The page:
Mapping Georgetown: Authors, Cats Inhabit Oak Hill Cemetery’s Gate House

There’s been a changing of the guard at our Oak Hill Cemetery! If you pass by the 22-acre marvel at 3001 R Street NW often or occasionally, and think you’re enjoying the splendor of this quintessential rural cemetery founded in 1848 through the grand wrought iron fence around the perimeter, you might not realize what you’re missing on the inside.

These prior Georgetown stories can help set the tone. Mapping Georgetown: On Saints, Souls and Cemeteries and Mapping Georgetown: Corcoran Recollections and Cemetery Walks.

And this year, the little chapel at Oak Hill Cemetery will be featured on the Georgetown House Tour.

This week, we’re delighted to introduce you to Oak Hill Cemetery’s new director, Paul Williams and his husband, Greg Alexander.

Thank you both for your enthusiastic support for our community project, Mapping Georgetown. And for sharing your personal stories with us. It demonstrates the value you bring to our wonderful Georgetown legacy at Oak Hill Cemetery.

Paul K. Williams Mapping Georgetown Story

Paul K. Williams has a background in historic preservation, having attended both Roger Williams and Cornell Universities in the discipline. Oddly, his first job in the early 90s was directing the preservation of US Air Force Cold War era artifacts and buildings as a civilian at the Pentagon. He has since operated a ‘house history’ business that researches homes in Washington, DC for current owners, been involved running Dupont Circle Main Streets, and most recently served as President of Historic Congressional Cemetery on Capitol Hill for the last ten years. He is the author or co-author of over 24 books on DC’s neighborhoods or DC themed histories with his husband Greg and other authors. Williams is excited to bring both the preservation expertise and his experience in the death positive movement to serve those in need while living in the gatehouse and working full time in Oak Hill Cemetery atop the hill; assisting residents to find their “final forwarding address.” He says “The gatehouse has 49 windows on all sides, so you are being watched by our two sibling felines at all times.”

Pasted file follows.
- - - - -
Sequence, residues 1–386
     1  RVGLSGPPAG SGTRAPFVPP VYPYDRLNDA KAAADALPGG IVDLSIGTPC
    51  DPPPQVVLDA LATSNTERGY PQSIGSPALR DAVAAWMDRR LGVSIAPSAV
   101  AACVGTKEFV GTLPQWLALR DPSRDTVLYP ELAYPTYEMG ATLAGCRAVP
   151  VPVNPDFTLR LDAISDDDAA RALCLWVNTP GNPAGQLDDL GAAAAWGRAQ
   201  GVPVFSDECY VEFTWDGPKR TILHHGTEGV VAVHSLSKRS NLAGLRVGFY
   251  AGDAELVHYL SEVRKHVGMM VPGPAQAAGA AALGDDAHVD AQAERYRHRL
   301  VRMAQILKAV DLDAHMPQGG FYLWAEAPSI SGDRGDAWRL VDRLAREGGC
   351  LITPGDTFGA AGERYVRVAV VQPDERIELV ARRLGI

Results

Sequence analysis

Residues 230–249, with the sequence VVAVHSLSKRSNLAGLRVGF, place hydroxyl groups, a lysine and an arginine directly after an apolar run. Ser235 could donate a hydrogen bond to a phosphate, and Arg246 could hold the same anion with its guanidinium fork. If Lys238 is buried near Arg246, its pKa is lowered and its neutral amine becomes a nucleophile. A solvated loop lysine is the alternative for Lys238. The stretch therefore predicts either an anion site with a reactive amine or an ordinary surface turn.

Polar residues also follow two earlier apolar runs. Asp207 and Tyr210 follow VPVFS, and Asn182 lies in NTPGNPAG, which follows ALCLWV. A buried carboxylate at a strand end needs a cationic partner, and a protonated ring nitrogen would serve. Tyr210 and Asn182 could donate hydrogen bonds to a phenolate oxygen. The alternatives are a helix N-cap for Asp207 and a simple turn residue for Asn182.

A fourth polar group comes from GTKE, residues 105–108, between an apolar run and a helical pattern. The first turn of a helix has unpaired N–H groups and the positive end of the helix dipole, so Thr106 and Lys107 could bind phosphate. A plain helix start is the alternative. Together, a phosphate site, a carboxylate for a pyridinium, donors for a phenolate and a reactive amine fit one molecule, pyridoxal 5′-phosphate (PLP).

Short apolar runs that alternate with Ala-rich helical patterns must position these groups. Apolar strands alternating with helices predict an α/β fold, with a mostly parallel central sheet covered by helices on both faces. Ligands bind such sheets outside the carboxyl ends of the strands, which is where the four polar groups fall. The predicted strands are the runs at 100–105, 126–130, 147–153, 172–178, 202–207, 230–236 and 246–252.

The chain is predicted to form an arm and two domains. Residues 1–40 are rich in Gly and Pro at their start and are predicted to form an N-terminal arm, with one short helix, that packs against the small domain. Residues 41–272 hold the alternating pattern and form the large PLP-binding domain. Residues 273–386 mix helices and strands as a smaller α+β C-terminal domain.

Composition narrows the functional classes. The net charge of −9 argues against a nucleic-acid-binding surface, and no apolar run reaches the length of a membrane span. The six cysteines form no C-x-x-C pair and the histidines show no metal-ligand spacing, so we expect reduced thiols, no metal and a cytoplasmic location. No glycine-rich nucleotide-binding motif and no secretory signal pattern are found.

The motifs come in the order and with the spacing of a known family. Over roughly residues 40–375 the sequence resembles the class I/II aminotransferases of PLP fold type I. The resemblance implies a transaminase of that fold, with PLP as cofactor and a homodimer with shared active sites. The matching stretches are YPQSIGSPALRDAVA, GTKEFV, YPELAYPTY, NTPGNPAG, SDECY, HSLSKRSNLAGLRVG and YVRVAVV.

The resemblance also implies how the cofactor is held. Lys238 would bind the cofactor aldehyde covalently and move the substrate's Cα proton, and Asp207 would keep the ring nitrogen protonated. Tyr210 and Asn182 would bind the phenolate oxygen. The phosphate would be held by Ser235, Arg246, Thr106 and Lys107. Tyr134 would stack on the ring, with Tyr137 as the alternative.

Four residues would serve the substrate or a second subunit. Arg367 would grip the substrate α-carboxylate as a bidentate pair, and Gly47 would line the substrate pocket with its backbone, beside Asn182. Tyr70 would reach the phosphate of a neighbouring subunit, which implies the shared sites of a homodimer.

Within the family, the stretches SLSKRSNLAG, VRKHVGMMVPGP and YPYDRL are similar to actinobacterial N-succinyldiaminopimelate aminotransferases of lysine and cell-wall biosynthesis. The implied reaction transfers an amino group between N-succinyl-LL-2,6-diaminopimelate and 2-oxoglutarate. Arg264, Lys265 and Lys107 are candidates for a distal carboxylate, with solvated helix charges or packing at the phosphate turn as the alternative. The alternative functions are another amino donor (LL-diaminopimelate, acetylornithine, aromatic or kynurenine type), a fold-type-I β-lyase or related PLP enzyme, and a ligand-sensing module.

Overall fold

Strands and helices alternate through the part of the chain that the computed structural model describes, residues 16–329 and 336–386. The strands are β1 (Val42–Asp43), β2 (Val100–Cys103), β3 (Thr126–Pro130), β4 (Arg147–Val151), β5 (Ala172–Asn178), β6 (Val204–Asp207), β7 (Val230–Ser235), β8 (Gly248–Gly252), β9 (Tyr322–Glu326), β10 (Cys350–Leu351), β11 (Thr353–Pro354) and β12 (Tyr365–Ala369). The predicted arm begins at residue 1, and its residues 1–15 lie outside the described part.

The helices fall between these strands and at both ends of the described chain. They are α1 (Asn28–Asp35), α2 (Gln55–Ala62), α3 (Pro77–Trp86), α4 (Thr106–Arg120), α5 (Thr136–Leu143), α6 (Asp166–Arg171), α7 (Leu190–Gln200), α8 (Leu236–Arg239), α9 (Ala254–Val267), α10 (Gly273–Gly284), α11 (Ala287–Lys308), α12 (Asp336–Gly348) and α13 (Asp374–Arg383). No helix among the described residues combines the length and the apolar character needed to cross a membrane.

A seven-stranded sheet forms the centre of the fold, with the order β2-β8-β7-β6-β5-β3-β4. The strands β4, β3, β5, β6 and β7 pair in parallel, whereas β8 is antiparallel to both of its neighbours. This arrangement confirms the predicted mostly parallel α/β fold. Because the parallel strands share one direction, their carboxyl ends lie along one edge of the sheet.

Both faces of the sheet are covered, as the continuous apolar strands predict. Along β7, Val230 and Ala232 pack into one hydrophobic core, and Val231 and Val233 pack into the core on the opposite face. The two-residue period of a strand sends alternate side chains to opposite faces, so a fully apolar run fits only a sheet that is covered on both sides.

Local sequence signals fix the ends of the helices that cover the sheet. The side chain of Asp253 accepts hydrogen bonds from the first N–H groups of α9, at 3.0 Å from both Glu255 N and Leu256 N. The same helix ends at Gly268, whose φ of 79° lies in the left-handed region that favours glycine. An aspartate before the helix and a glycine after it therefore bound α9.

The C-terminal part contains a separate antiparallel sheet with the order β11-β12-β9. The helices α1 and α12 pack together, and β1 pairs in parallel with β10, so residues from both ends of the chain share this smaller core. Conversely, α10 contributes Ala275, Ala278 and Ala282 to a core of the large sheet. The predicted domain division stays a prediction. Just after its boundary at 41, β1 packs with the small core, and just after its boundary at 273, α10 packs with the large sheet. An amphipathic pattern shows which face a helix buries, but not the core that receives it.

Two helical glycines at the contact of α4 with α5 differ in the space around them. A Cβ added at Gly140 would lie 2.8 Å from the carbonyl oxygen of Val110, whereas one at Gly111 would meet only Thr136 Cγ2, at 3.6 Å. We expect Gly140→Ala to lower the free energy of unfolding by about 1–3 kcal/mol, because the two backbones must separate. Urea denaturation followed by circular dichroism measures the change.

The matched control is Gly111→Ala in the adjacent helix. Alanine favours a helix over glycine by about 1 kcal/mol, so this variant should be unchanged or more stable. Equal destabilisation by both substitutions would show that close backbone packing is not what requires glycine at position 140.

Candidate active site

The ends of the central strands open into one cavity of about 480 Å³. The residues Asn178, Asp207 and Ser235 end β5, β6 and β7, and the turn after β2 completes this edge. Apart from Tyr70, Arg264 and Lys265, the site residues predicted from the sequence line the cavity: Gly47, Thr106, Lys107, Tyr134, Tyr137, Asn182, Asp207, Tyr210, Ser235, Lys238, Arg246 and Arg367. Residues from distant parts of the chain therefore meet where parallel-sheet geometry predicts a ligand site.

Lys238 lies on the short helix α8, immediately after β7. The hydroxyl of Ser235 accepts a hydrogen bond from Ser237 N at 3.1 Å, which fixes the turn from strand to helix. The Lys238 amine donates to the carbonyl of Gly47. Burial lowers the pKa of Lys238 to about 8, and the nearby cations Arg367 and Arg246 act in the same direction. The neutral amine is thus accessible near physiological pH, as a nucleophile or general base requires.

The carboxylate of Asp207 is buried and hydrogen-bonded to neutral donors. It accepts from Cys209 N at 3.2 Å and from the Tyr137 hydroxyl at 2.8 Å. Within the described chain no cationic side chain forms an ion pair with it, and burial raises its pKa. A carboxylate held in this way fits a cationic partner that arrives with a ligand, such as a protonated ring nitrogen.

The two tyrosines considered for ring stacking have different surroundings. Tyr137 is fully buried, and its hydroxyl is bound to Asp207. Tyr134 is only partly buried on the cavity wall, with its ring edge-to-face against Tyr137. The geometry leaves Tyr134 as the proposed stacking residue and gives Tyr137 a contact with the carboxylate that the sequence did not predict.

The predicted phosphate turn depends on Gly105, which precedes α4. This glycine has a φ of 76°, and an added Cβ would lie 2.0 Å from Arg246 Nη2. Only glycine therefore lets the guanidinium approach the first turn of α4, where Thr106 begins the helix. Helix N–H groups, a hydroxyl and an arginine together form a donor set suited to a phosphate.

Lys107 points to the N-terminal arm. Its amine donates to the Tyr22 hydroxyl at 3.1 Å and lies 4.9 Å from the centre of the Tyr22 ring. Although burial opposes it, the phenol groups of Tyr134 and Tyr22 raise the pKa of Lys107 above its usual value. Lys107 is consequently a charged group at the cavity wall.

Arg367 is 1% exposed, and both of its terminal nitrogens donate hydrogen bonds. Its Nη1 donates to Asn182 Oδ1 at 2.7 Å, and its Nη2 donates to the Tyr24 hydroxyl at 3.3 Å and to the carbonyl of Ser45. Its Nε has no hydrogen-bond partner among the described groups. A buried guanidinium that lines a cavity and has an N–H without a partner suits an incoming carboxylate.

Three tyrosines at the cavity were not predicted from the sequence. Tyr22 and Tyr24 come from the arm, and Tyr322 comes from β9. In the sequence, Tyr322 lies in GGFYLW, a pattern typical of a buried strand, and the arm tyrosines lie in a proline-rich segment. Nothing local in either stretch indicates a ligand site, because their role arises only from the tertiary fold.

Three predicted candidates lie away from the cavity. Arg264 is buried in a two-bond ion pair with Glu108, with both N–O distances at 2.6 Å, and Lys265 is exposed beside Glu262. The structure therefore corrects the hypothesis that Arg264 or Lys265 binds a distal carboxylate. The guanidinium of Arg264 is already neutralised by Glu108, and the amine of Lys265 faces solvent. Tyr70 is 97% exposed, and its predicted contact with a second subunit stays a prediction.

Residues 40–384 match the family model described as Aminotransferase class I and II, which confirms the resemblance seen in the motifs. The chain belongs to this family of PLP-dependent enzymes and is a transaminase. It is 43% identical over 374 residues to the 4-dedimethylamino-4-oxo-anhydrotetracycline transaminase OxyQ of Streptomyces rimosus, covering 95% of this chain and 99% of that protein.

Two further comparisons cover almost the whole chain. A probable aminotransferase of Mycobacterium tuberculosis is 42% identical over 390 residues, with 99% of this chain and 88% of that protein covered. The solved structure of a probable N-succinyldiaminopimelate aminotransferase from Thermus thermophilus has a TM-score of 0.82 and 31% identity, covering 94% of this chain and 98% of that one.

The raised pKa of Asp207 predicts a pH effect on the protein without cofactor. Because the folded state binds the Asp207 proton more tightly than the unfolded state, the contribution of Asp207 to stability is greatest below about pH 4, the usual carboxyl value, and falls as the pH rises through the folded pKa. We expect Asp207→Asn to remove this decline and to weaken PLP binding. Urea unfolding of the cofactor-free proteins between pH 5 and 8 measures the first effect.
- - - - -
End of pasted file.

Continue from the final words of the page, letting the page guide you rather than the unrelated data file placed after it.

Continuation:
My husband and 2 cats moved into the gate house at the entrance of Oak Hill cemetery in October 2021 when I took the job as the 14th Superintendent. It is truly like living in a bucolic park. Come visit, enjoy the 22 acres, and get lost on purpose – or find your self.  “final forwarding address,” as we like to say.

Greg Alexander and Paul Williams.

Greg Alexander’s Story

Born in Florida but raised in Greenville, S.C., I graduated from the University of Georgia with a degree in journalism and worked at two small newspapers before moving to Baltimore in 1996 where I worked at the Baltimore Sun as special sections manager. In 2001, I met my husband Paul Williams in Rehoboth Beach, DE, and in 2002, I left the Sun to launch my own writing and editing business, Pen and Ink, LLC. I have been published in many newspapers and magazines and conduct marketing work for several companies. In addition, I am the co-author of six history books.

Paul and I lived in Baltimore until 2016 when we relocated to Capitol Hill to be closer to Paul’s job at Congressional Cemetery. We moved to Georgetown in 2021 and reside in the gatehouse residence at Oak Hill Cemetery with our two cats, Gypsy and Nomad.

We have a 47-foot sailboat that we keep in Baltimore and love sailing and spending time with friends at the marina. I also enjoy cycling and traveling to see my beloved Georgia Bulldogs play football.

As a Georgetown Resident, walking along Wisconsin Avenue on weekends can be frustrating with all the tourists. However, then I remember that people come from literally all over the world to Georgetown because it’s that special. How lucky am I to live in such a special place?


These Mapping Georgetown stories can be viewed in full at

We invite you to add your story to our Mapping Georgetown collection. Blank templates can be printed from the home page of or picked up from The Georgetown Public Library.

To learn more about the Mapping Georgetown project see Marilyn Butler can be reached at


Leave a Reply

Your email address will not be published. Required fields are marked *